All the above described oral cameras are disadvantageous for a variety of reasons. First, none of the disclosed apparatus allow a dentist or physician to vary the focal length of the camera without physically changing a lens. Furthermore, the related art generally requires an additional light source, other than ambient light in order to produce a clear picture.
It is an object of the present invention to provide an intra-oral video camera which is capable of operating and producing a quality picture using only ambient light.
It is a further object of the present invention to provide an intra-oral video camera having an adjustable focal length. The focus is adjustable via a sliding/telescoping mechanism on the outside of the intra-oral device so that the device can be positioned and focused within a patient's mouth with one hand.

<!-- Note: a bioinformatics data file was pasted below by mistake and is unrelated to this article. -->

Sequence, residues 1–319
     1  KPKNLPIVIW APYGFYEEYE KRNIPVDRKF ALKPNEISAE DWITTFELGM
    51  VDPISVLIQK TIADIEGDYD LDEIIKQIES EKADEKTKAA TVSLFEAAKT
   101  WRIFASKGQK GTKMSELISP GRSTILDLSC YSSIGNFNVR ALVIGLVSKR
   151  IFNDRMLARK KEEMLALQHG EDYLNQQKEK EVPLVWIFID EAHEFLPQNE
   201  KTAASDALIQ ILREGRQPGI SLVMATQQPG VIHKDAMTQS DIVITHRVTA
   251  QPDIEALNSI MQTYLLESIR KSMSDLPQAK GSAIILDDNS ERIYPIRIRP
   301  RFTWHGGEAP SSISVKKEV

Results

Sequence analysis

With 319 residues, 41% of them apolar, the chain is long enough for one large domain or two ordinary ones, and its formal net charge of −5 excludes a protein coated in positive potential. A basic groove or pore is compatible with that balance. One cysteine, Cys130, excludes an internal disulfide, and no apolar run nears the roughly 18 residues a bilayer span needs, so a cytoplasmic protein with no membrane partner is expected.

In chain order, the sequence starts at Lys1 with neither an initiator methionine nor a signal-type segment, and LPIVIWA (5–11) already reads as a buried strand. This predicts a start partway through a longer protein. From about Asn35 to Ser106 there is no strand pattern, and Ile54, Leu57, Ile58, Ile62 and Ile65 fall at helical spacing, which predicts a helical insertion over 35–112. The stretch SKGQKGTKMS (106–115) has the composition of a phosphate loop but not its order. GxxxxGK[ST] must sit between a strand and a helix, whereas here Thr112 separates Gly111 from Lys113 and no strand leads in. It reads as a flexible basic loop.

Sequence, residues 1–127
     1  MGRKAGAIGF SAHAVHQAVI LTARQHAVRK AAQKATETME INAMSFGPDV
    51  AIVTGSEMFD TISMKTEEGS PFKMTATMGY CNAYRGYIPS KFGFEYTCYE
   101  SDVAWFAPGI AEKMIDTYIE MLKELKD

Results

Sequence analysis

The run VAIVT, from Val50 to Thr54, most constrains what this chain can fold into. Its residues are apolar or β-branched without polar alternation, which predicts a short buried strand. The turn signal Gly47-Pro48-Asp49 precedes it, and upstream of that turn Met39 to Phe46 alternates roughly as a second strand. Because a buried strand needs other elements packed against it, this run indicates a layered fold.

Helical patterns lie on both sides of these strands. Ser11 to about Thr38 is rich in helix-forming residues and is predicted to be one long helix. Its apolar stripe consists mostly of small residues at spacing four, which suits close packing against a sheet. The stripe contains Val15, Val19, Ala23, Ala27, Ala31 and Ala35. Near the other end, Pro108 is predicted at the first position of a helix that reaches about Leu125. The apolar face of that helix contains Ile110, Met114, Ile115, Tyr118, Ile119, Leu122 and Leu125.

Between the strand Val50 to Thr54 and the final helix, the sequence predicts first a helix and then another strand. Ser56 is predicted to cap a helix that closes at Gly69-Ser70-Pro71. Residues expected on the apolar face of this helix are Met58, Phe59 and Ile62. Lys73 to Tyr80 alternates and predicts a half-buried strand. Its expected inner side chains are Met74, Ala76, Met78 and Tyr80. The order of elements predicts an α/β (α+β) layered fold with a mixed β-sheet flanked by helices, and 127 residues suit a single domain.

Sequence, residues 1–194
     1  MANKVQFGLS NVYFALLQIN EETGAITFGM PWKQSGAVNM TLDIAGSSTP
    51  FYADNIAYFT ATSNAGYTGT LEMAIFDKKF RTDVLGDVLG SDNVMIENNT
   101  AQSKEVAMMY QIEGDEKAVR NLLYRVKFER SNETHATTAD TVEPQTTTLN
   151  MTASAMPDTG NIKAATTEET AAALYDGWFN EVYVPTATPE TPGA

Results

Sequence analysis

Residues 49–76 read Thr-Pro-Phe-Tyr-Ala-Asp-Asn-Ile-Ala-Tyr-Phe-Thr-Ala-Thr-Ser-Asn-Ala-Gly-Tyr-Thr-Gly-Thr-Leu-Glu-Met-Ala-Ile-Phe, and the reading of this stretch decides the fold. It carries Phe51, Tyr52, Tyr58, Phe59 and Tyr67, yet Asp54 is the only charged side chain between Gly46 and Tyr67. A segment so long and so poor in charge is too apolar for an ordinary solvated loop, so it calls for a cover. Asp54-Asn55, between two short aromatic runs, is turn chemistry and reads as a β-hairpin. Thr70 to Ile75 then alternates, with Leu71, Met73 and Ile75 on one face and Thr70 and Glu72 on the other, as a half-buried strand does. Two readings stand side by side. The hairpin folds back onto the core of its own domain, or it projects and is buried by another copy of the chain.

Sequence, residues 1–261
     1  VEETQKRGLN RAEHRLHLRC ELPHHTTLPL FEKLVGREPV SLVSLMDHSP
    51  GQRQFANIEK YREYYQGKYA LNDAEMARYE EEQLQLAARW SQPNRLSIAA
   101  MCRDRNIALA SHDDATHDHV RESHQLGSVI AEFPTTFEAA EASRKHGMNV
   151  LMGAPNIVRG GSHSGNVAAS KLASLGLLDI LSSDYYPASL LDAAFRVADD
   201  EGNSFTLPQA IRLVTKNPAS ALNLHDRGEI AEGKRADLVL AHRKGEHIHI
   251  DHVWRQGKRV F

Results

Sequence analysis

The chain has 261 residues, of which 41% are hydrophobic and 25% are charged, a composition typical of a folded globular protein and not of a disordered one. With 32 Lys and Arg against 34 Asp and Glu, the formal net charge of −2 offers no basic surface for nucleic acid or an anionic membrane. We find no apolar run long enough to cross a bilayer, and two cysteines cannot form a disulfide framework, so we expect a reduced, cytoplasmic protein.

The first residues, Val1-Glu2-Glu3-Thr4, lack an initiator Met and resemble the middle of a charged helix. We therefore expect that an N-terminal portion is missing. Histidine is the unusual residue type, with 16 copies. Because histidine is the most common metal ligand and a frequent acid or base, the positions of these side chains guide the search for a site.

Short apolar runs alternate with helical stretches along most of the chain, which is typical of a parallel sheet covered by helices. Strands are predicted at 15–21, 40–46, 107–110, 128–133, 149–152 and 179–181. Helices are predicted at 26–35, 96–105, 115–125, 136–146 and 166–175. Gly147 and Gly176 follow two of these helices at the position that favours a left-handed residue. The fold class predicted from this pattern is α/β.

It is a further object of the present invention to provide an intra-oral video camera system which can zoom and magnify a focused image.
These objects and others are achieved by providing an intra-oral video viewing system having a lens system inside a dental wand. The lens system receives ambient light reflected from an object to be viewed. The lens system has a movable portion which changes the focal length of the optical system from infinity to about 5 mm.
An image of a viewed object is projected onto a charged coupled device (CCD) and transformed into a video signal. The video signal is processed for viewing on a video monitor. The image can be magnified electronically within the video circuitry. The lens system is linked to a movable portion which is slidably attached to the outside of the dental wand so that a physician or dentist can adjust the focal length of the camera while holding the wand with one hand.
These and other objects and advantages of this invention will become apparent and more readily appreciated from the following description of the presently preferred exemplary embodiments, taken in conjunction with the accompanying drawings, of which:
FIG. 1 depicts a diagram of an embodiment of the intra-oral viewing system;
FIG. 2 is an isometric view of an embodiment of the i intra-oral dental wand;